Red meat and processed meat consumption and all-cause mortality: a meta-analysis

Am J Epidemiol. 2014 Feb 1;179(3):282-9. doi: 10.1093/aje/kwt261. Epub 2013 Oct 22.


High consumption of red meat and processed meat has been associated with increased risk of several chronic diseases. We conducted a meta-analysis to summarize the evidence from prospective studies on red meat and processed meat consumption in relationship to all-cause mortality. Pertinent studies were identified by searching PubMed through May 2013 and by reviewing the reference lists of retrieved articles. Prospective studies that reported relative risks with 95% confidence intervals for the association of red meat or processed meat consumption with all-cause mortality were eligible. Study-specific results were combined by using a random-effects model. Nine prospective studies were included in the meta-analysis. The summary relative risks of all-cause mortality for the highest versus the lowest category of consumption were 1.10 (95% confidence interval (CI): 0.98, 1.22; n = 6 studies) for unprocessed red meat, 1.23 (95% CI: 1.17, 1.28; n = 6 studies) for processed meat, and 1.29 (95% CI: 1.24, 1.35; n = 5 studies) for total red meat. In a dose-response meta-analysis, consumption of processed meat and total red meat, but not unprocessed red meat, was statistically significantly positively associated with all-cause mortality in a nonlinear fashion. These results indicate that high consumption of red meat, especially processed meat, may increase all-cause mortality.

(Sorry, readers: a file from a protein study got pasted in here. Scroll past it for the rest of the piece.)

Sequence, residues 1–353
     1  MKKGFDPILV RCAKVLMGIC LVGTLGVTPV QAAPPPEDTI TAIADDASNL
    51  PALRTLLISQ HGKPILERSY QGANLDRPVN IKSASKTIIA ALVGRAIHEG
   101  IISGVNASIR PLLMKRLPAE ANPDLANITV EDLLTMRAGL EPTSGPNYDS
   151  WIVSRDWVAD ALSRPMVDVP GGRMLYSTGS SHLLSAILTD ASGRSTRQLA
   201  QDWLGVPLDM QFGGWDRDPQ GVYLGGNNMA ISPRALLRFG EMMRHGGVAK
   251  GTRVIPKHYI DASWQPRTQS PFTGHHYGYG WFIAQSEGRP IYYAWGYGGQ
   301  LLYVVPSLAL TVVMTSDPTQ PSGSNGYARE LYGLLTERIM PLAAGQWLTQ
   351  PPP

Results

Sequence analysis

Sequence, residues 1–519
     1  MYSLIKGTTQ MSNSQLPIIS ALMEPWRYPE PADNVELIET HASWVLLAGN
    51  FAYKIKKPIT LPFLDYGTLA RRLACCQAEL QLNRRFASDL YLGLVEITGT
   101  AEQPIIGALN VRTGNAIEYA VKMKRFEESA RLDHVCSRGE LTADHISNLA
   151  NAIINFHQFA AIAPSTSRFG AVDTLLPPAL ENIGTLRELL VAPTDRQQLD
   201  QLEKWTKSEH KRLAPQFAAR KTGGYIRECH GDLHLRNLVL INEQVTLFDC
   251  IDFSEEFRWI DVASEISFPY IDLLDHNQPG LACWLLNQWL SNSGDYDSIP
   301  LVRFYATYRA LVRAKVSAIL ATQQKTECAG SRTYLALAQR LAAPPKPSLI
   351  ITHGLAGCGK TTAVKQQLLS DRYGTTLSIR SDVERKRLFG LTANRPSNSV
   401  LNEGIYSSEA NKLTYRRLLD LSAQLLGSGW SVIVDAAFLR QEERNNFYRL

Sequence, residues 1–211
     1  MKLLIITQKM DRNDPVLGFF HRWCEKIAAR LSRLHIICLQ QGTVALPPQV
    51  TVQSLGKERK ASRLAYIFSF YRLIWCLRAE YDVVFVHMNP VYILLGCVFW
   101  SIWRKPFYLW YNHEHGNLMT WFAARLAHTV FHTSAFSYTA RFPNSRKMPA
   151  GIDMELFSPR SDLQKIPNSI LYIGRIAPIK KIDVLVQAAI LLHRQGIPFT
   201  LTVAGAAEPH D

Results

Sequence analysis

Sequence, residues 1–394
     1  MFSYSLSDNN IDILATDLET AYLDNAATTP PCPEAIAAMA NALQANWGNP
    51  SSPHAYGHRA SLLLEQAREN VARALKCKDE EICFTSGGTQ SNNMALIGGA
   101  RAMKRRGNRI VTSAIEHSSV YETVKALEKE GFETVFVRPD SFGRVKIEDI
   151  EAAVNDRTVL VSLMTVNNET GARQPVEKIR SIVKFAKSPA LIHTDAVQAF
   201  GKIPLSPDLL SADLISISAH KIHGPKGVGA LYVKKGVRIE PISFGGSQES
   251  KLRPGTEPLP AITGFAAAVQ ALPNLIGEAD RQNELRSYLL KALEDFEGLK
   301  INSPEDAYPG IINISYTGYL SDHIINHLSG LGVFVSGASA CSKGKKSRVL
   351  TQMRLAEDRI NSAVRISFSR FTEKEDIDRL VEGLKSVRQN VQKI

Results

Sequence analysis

Keywords: diet; meat; meta-analysis; mortality; prospective studies.

Publication types

  • Meta-Analysis
  • Research Support, Non-U.S. Gov't
  • Review

MeSH terms

  • Animals
  • Cattle
  • China / epidemiology
  • Diet / adverse effects
  • Diet / mortality*
  • Europe / epidemiology
  • Humans
  • Meat / adverse effects*
  • Meat Products / adverse effects
  • Models, Statistical
  • Risk
  • Swine
  • United States / epidemiology